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Meet Robert Peacock, LCSW-S, EMDR

As a psychotherapist for the past nine years, I have often thought about starting a blog, but it never actualized until now.  

As a reader, I wanted you to get to know a little about me before I share what I hope will be meaningful and helpful content for you.   

I would like to start off by answering the two most common questions I receive from clients.

Why did you want to become a therapist? 

Some people knew exactly what they wanted to do the moment they left high school.  That was not me.  Not by a long shot!  I didn’t really take college seriously until I had truly felt the calling.  I would go for a few semesters, work in different jobs, and subsequently change my major a few hundred times; maybe an exaggeration… But not by much.

It all came into focus when I left the finance industry in 2006 to embark on what turned out to be a short-lived career as a professional poker player.  

When I started out on this dangerous and ill-advised road, I promised my sister I would enroll in college at least part-time. You know… Just as a fallback in case poker wasn’t my supreme calling.  

I remember looking through the course catalog and thinking, “Psychology. That sounds cool.”  

Upon taking my first class, Abnormal Psychology, I fell in love with the discipline.  I didn’t exactly know what I wanted to do at this point, but an idea started to form.  I enjoyed academia so much, that I elected to write an honors thesis as an undergraduate student.  I was hardcore.  My plan was to get into a doctoral program in Clinical Psychology, and become a psychologist.  

Ultimately, it would take a couple of years for me to find work in the mental health field, and I knew I needed some experience to apply to one of these programs.  

Eventually, I got the experience I needed and applied to two programs.  These programs were very competitive, and I did not get in.  I was discouraged, but had found while working in community health; I enjoyed applying what I had learned. 

Enter my mother, Joyce LaHue, LCSW-S, Co-founder of LaHue Counseling Services.  She said, “Do like me and go into social work.  You can be a therapist, and you can be more marketable.”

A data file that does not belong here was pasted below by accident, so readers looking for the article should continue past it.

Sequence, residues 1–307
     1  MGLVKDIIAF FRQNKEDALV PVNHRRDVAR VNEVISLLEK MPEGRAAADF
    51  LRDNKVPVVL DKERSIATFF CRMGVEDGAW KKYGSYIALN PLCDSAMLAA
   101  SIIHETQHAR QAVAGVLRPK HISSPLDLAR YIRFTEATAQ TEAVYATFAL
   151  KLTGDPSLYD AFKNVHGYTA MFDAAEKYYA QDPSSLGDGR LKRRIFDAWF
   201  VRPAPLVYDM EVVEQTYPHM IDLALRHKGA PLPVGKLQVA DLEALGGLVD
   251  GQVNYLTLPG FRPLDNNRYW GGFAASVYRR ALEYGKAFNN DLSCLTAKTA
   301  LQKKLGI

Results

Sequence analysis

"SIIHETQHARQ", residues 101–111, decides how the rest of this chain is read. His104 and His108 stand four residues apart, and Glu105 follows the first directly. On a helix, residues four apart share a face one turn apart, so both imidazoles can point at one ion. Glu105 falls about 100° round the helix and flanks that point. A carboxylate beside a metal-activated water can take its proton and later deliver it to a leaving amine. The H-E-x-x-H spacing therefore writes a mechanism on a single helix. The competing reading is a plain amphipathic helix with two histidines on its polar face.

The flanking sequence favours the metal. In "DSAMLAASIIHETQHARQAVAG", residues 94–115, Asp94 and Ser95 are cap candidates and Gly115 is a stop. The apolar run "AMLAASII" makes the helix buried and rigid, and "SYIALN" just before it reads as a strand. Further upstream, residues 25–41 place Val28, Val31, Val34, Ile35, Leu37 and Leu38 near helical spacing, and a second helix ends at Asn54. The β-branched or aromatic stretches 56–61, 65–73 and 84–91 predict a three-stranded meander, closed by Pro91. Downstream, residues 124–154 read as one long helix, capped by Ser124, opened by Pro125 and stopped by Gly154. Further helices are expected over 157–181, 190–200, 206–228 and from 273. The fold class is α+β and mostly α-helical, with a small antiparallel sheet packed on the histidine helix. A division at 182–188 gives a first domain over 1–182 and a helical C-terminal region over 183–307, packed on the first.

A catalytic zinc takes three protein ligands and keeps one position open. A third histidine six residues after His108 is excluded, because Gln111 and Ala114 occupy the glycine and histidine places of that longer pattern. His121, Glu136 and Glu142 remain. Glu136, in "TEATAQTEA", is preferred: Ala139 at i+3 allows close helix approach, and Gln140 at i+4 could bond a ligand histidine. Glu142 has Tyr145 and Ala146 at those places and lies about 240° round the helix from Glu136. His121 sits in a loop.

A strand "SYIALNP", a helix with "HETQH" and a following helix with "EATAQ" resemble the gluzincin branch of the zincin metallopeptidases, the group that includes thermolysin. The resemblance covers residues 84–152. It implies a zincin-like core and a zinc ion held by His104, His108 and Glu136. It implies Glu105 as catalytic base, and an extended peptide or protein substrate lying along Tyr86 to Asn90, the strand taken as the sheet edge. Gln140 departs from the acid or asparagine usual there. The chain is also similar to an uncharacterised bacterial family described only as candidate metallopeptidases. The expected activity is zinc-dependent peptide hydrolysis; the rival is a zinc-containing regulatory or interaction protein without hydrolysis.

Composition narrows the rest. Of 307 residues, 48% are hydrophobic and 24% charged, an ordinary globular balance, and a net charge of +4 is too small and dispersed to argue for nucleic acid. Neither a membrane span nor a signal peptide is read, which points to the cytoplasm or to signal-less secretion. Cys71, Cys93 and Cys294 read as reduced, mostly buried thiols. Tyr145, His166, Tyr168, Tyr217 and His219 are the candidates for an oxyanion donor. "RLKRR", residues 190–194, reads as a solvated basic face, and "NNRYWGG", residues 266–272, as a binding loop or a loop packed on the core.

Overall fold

So I did just that, and while I was in the graduate program at the University of Texas at Arlington, I was also learning how to talk to people at my job in community mental health.  The combination of learning from school, and applying what I learned in the field, led to the strong desire to become a psychotherapist.  The rest is history.

Why do you specialize in trauma?  

There are both professional and personal aspects to this.  

From personal experience, I knew that trauma affected people in different ways and that trauma can have a way of sticking with someone.  In retrospect, I believe that my decision to pursue this specialty was certainly to help others, but it also had to do with healing myself.  

I would later receive psychotherapy to address my trauma using Eye Movement Desensitization and Reprocessing or EMDR.  By chance happening, the community mental health agency I was working for while I was a Child and Adolescent Therapist decided to train us in this wonderful modality.  Upon learning how to help people heal through EMDR, I was encouraged by the results, especially in my solo private practice.  

This experience led me to become a certified EMDR therapist in Fort Worth, Texas, then an Approved Consultant, and finally an EMDR Basic Trainer, a role I feel very blessed to be in now. 

After those initial results from EMDR, I convinced my mother to join me and start what is now LaHue Counseling Services.